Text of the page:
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Monday, February 8, 2016

Yeet Hay - A Practical Explanation

For those who don't know Cantonese, yeet hay literally means "hot air" (I think in mandarin it's huo qi da - "fire air big"). This is a concept that all Chinese people learn from an early age and is prevalent throughout our lives. The interesting thing is that outside of Chinese people, no one has any idea or any similar representation of the concept of yeet hay. I always thought yeet hay was an Asian idea but after many frustrating discussions with my Korean, Japanese and Indian friends, I realize this ideology is exclusively Chinese. Even after a thorough explanation, non-Chinese people just can't relate (I can't understand why!) and even have the audacity to question yeet hay's existence. For those of you who have never heard of yeet hay, you're about to learn one of the most important ideologies of Chinese society.

Yeet hay is a term used in Chinese medicine to indicate a state of being too "hot" (You can also be too cold, wet or dry). Yeet hay, from my experience, is brought upon by eating lots of fried and greasy foods such as potato chips, fried chicken, pizza and barbecue foods. Hot spices, Chinese Hot Pot (Shabu Shabu) and lack of sleep can also cause someone to be yeet hay. The symptoms of yeet hay can vary depending on how yeet hay you are. If you are only slightly yeet hay, you will probably have a slight sore throat and some pimples but if you are overly hay, mouth sores and nose bleeds are not uncommon. The ease with which you can become yeet hay also varies from person to person. Some people are just more susceptible than others in becoming yeet hay.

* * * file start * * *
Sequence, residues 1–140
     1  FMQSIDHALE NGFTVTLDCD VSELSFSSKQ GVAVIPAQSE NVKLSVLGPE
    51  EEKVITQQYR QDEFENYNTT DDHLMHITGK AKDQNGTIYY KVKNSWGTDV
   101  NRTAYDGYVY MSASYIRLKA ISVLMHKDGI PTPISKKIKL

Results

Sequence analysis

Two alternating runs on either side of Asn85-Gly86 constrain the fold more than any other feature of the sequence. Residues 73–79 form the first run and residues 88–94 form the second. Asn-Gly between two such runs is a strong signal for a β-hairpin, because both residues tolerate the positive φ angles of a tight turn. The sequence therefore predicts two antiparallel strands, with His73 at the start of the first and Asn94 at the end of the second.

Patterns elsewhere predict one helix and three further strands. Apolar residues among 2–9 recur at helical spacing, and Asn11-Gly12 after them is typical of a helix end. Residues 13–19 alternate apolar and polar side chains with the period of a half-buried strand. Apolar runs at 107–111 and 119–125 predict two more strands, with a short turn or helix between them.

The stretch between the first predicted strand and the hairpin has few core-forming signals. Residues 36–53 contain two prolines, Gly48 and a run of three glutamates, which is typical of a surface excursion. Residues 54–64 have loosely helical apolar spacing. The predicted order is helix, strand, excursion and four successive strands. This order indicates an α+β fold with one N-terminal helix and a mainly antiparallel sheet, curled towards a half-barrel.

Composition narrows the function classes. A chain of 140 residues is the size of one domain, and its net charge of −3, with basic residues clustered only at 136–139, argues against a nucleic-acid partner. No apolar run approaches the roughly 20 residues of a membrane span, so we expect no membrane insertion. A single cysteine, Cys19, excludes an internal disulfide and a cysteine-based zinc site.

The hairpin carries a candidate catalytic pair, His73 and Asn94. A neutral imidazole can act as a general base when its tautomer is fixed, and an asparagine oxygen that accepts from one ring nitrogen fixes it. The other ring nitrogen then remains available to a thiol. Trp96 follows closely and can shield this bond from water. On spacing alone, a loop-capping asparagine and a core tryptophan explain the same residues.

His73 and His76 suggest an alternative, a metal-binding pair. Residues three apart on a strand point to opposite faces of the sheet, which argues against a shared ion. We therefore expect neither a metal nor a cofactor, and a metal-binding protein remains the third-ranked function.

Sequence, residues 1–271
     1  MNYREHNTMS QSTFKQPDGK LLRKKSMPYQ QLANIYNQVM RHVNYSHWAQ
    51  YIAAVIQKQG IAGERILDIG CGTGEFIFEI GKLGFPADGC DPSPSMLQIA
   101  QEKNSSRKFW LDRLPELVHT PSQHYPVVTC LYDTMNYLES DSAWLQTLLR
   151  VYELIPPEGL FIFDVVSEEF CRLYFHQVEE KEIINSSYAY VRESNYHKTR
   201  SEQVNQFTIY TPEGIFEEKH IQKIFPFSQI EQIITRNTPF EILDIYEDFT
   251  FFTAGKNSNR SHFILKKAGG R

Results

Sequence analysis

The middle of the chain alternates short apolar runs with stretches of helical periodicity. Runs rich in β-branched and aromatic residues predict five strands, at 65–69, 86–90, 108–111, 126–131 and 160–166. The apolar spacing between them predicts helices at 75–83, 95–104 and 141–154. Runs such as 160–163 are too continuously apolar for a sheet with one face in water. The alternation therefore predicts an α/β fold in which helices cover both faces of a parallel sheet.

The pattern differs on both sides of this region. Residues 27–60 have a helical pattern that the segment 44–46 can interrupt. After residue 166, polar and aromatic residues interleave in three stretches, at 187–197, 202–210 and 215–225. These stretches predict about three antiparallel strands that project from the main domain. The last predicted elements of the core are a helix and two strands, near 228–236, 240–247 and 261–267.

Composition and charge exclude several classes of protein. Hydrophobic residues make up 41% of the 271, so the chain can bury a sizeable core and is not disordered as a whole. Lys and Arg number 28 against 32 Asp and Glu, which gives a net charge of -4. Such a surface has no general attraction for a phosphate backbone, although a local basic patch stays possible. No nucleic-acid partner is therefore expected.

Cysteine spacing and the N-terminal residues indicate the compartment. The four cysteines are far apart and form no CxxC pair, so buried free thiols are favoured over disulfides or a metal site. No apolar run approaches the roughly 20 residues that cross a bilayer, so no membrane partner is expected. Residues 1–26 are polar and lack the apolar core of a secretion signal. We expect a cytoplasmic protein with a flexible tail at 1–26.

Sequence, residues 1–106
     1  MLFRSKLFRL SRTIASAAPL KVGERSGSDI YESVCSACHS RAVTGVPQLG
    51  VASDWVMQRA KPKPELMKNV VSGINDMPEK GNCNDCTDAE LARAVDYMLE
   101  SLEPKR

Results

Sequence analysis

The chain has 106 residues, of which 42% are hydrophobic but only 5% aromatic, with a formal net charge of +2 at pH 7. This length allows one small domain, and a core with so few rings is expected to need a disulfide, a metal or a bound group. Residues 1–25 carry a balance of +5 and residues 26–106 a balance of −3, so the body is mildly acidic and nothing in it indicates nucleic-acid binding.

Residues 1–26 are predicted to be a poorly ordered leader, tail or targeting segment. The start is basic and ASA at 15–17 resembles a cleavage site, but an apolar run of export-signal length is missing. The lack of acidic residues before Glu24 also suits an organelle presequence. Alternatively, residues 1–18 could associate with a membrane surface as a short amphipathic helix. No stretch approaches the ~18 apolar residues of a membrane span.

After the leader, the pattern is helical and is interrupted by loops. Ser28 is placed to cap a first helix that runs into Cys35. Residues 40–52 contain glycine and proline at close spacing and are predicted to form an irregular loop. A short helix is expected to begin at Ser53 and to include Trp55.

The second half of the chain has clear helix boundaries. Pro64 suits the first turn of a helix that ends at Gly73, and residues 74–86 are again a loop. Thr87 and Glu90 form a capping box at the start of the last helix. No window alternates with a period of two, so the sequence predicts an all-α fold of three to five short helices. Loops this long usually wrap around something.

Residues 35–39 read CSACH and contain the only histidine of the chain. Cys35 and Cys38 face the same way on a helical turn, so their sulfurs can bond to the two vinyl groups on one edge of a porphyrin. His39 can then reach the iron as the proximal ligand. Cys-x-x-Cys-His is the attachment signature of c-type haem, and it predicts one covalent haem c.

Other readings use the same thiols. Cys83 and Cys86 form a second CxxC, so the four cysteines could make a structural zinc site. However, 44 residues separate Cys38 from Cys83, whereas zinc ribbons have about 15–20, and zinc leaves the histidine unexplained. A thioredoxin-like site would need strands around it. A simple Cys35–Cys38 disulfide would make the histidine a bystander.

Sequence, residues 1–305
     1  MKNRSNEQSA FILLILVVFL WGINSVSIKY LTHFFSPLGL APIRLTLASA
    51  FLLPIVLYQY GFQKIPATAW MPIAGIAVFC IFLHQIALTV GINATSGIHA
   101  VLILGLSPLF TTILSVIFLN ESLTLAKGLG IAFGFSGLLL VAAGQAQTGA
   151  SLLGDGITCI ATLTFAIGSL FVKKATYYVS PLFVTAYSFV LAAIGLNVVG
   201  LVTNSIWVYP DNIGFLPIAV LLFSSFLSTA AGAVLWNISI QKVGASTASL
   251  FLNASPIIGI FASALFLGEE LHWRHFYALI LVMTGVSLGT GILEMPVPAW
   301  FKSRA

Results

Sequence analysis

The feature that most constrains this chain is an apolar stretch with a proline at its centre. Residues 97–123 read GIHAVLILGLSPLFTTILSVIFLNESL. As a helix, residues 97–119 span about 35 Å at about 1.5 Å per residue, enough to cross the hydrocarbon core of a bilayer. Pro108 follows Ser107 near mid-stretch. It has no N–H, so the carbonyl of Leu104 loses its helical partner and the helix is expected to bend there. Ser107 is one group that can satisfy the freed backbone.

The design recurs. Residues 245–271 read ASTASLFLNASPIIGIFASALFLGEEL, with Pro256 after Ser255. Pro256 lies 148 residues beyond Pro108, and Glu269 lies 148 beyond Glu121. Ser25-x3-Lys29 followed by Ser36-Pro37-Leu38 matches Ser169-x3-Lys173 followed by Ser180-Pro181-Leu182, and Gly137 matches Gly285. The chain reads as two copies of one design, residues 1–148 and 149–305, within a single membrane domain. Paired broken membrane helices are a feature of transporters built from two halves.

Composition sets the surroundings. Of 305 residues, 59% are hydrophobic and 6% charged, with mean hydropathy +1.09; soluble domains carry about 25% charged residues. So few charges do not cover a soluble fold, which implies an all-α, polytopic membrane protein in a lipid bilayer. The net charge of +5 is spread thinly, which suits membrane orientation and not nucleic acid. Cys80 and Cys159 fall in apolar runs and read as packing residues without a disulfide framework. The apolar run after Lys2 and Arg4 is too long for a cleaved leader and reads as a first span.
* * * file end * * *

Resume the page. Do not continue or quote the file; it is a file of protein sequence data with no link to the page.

Now that you know the causes and symptoms of yeet hay, it is only fair to talk about some cures. Chinese philosophy is dominated by the idea of balance so it is only natural that Chinese medicine revolves around the same concept. When you are "too hot" (yeet hay), the cure will be to eat or drink something "cool". The most common drink for balancing yeet hay are "leurng chahs" (literally meaning "cool teas") such as Chrysanthemum tea, "yah-sei mei" (24-flavor tea) and "gum mo cha" (influenza tea). Other cooling drinks include green bean soup, sour plum soup and even beer. A good night's sleep also goes a long way in helping someone who is yeet hay.

For those who never heard of yeet hay until this article, next time you eat something fried and greasy and feel sort of strange, you might just be experiencing some yeet hay. For Chinese readers, feel free to send this article to all your yeet hay doubting friends.

If you know of any other causes, symptoms and cures of yeet hay, please share in the comments section below.

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